Did I mention that the Historic Center of Salvador da Bahia is a UNESCO World Heritage Centre, I didn’t know until I was writing this post, lol.
The Fallen Cross (Cruz Caida) & Praca da Sé (Sé Square).
Having picked up a map from the tourist office at the top of the lift area we plotted our path. Walking away from the lift and slightly to the left up the road and a bit further to the left you can enjoy even more views over the port and the Fallen Cross (Cruz Caida) which is just off the main square called Praca da Sé (Sé Square).
Praca da Sé (Sé Square).
Brazilian Capoeira in Jesus square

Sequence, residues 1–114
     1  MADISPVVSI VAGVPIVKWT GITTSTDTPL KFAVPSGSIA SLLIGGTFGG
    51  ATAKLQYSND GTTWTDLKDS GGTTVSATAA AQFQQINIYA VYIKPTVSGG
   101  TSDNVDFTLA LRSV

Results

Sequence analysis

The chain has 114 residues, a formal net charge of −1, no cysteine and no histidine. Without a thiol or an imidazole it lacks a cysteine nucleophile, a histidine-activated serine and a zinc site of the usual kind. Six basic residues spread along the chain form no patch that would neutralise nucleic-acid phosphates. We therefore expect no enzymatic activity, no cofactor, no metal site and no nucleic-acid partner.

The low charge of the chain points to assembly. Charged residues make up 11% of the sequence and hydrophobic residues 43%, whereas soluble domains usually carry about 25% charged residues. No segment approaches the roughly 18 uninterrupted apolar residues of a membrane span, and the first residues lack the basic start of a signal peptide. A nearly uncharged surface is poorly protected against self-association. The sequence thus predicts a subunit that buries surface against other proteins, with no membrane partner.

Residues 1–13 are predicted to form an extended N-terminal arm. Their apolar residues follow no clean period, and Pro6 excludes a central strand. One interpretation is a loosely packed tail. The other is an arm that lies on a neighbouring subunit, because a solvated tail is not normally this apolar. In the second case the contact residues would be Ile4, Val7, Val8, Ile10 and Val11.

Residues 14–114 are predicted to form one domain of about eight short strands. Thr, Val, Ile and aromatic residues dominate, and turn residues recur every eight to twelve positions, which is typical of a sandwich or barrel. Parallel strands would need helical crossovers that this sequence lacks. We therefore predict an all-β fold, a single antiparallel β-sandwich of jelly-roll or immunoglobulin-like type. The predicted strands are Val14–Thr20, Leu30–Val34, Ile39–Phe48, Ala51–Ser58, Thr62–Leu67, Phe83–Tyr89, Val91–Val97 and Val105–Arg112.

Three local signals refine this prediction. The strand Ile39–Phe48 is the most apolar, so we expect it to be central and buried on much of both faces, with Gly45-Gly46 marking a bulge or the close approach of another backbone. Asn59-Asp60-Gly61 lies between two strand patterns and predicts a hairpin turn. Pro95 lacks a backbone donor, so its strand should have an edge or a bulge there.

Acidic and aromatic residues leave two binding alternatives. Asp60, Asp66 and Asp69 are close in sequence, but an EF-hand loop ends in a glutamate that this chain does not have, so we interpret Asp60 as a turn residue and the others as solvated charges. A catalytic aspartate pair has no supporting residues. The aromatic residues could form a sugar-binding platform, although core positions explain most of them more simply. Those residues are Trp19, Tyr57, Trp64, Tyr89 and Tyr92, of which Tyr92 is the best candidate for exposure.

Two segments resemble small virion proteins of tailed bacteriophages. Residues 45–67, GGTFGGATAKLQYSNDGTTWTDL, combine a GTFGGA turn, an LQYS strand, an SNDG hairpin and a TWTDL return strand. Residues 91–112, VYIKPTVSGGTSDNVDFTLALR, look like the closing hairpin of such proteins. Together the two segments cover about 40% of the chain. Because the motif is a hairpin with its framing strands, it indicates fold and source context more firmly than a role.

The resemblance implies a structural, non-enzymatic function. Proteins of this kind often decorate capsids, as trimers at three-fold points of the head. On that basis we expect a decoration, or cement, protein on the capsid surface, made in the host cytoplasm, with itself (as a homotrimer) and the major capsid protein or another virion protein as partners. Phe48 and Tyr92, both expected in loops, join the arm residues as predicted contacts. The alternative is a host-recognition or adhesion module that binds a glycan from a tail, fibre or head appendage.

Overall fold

Turning right from the Sé Square you come to Jesus Square again another church. In this square we saw some locals performing the Brazilian Capoeira which originates from Salvador and is a Martial art that combines elements of dance, acrobatics and music.
You can walk in any direction and find beautiful buildings and churches to admire, even a few lady’s in traditional costumes.
Time for a local drink ‘Caipirinha’ and a Brazilian beer
In this street we decided to stop and enjoy the local drink ‘Caipirinha’ and a Brazilian beer while watching people, lots of tourists milling around.
Pelourinho streets full of colour
Continuing to explore the Pelourinho streets full of colour, local arts and crafts in the tiny shops each with hand-made signs hanging in front. Heading towards the Pelourinho Square you can see the towers of the Sacrement Church in the distance.
Below is one of my favourite photos that captures the colourful life of Pelo, even though my iPhone photo does not do it justice enough.